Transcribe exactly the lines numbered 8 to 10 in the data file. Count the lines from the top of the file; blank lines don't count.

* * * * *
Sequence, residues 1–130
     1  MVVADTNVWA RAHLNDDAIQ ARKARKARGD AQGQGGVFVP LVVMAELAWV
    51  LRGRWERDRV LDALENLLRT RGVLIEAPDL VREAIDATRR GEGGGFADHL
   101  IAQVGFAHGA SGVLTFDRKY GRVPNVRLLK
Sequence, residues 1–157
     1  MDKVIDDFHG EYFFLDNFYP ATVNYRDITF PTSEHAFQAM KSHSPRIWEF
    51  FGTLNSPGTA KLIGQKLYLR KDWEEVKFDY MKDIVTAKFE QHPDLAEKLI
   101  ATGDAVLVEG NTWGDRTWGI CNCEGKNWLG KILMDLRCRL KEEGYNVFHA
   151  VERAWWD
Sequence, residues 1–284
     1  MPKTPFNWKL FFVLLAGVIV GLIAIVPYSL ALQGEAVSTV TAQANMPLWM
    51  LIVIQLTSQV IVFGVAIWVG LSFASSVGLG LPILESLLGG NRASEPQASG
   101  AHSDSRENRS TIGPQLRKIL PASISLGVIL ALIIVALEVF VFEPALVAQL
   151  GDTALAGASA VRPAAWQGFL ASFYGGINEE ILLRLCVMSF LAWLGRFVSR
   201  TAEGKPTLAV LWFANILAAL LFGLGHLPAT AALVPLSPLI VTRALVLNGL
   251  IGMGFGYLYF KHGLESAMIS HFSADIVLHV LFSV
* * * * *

   101  ATGDAVLVEG NTWGDRTWGI CNCEGKNWLG KILMDLRCRL KEEGYNVFHA
   151  VERAWWD
Sequence, residues 1–284